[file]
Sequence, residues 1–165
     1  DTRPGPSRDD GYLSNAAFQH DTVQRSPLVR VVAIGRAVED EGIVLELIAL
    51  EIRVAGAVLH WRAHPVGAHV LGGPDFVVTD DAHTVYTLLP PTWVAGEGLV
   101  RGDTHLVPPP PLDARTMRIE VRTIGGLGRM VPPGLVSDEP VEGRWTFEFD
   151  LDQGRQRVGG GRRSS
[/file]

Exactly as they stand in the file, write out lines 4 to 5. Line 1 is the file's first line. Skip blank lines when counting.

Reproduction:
   101  RGDTHLVPPP PLDARTMRIE VRTIGGLGRM VPPGLVSDEP VEGRWTFEFD
   151  LDQGRQRVGG GRRSS